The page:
I hate moving. Obviously.
I have moved literally every single year since 2007. For those of you keeping track at home, that’s seven straight years of packing up virtually all of my worldly possessions, putting them in boxes (read: garbage bags), storing them, shipping them, driving them, flying them, and/or losing them across various parts of the country.
I’ve moved to, from, and within Washington D.C., Boston, and Indiana. Multiple times. I’m currently six weeks away from moving to New York. And next summer, I’ll probably move again. Why? Because God hates me.
I hate everything about moving—even the packing tape. I hate the heavy lifting, and I really hate feeling like a pussy for not being able to lift a forty pound box. I hate the pride-swallowing endeavor of asking my roommate help me with said box, and I despise the exorbitant charges on my credit card for U-Hauls and UPS shipping.
But somewhere deep down, I secretly love it. I’m talking really, really deep—like an Inception dream within a dream… within another dream. Like the Marianas Trench of my subconscious.
Like when your sister’s stoner boyfriend says some crazy shit like “We’re all just a bunch of kayakers floating down the river of life.” That deep.
I secretly love it because, even though moving sucks (to put it lightly), it does give me the chance to do things I wouldn’t normally do otherwise.
For instance, I get to enjoy the annual ritual of sorting through that massive pile of papers that have accumulated in my desk like lawsuits against Lil Wayne. Yes, I might have to subject myself to rereading electric bills, bank receipts, and pay stubs—but I also get to reread letters and birthday cards from family members and old girlfriends. Some make me smile, some make me cringe, and some I finally decide to throw away.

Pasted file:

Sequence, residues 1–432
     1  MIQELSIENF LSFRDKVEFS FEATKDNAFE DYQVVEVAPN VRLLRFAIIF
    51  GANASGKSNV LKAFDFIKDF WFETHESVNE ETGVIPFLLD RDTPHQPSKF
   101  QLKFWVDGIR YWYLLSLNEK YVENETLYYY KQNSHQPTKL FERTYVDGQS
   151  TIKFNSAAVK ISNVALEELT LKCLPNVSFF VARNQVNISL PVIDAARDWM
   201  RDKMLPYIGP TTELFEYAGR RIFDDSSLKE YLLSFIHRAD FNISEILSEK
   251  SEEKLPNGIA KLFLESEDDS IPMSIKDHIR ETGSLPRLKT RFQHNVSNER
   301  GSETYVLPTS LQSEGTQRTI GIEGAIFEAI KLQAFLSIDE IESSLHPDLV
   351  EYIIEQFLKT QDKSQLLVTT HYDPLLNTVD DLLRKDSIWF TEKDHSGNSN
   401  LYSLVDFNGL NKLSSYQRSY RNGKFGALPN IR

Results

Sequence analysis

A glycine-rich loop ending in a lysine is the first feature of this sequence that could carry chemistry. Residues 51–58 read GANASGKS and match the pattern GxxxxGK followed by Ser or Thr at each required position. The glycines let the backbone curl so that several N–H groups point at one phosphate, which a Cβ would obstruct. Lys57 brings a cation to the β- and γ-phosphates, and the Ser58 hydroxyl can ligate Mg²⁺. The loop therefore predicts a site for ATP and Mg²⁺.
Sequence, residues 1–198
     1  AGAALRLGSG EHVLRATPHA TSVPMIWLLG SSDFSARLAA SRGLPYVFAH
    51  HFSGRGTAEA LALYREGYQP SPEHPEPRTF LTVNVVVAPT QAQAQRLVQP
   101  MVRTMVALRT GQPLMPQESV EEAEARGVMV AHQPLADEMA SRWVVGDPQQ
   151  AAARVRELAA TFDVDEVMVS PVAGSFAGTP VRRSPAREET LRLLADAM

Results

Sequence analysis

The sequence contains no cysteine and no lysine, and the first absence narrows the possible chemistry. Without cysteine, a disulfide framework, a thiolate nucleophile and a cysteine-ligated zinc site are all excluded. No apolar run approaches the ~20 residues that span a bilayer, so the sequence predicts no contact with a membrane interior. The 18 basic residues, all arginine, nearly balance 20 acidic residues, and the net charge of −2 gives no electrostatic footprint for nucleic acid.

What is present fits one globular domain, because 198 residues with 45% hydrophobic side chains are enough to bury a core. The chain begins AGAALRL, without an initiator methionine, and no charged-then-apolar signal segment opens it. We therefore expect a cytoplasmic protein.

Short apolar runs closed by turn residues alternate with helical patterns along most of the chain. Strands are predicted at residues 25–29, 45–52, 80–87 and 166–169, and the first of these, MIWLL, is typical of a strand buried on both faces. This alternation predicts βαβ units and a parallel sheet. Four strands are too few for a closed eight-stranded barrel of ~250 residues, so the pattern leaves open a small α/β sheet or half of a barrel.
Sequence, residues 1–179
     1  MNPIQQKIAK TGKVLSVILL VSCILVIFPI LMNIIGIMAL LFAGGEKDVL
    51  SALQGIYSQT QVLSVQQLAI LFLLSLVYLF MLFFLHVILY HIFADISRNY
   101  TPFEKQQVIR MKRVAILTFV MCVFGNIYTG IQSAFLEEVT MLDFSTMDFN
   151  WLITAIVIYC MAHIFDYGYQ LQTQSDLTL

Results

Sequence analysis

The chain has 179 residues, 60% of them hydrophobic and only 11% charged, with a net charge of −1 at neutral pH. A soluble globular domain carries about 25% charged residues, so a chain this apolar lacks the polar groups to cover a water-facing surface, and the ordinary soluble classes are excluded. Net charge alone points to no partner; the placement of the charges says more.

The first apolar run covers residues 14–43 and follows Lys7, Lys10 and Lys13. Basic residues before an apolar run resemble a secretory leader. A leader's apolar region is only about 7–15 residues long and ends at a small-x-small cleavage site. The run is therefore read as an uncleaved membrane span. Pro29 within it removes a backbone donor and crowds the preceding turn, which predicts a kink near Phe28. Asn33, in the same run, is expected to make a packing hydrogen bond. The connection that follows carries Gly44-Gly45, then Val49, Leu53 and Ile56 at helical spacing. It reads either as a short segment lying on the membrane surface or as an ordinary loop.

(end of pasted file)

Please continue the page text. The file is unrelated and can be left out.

Lather, rinse, and repeat next year.
You see, moving is strangely cathartic for me. It allows me to do something that everyone should do at least once a year: to take stock. It’s important to reflect on where you came from, where you are now, and where you’re going. And for whatever reason, that task is much easier when you condense everything that you own into four ragged boxes.
More importantly, I find it’s important to treat myself to a good purge every now and again. Whether it’s spring cleaning, unfriending fifty “friends” on Facebook, or hugging porcelain as I projectile vomit the salmonella-laden Thai food I just ate, “purging” is an important ritual that keeps one’s life free of unnecessary clutter. And moving is the perfect opportunity to throw away all the crap that I’ve gathered over the past year.
But most importantly, moving allows me to decide what I want to keep. In my most recent move, I decided to throw out six hole-ridden tee shirts that I never wore, but allowed myself to keep my autographed Aaron Hernandez jersey. Why? Because maybe I’ll have a place for it in my new place. Maybe I’m still holding onto the hope that he’ll make a Vick-esque comeback and play in the league again someday (though I’ve been informed that killing dogs isn’t the same as killing people). Maybe I haven’t let go of Aaron yet.
Regardless of its incidental benefits, moving still sucks. Don’t let my Stockholm syndrome fool you—moving is right up there with surgical dental procedures, waterboarding, and Tuscaloosa. But, as Eleanor Roosevelt once said, “Everything has benefits—even the guy who takes shits on my front lawn. So the least you can do is try to take advantage of them.”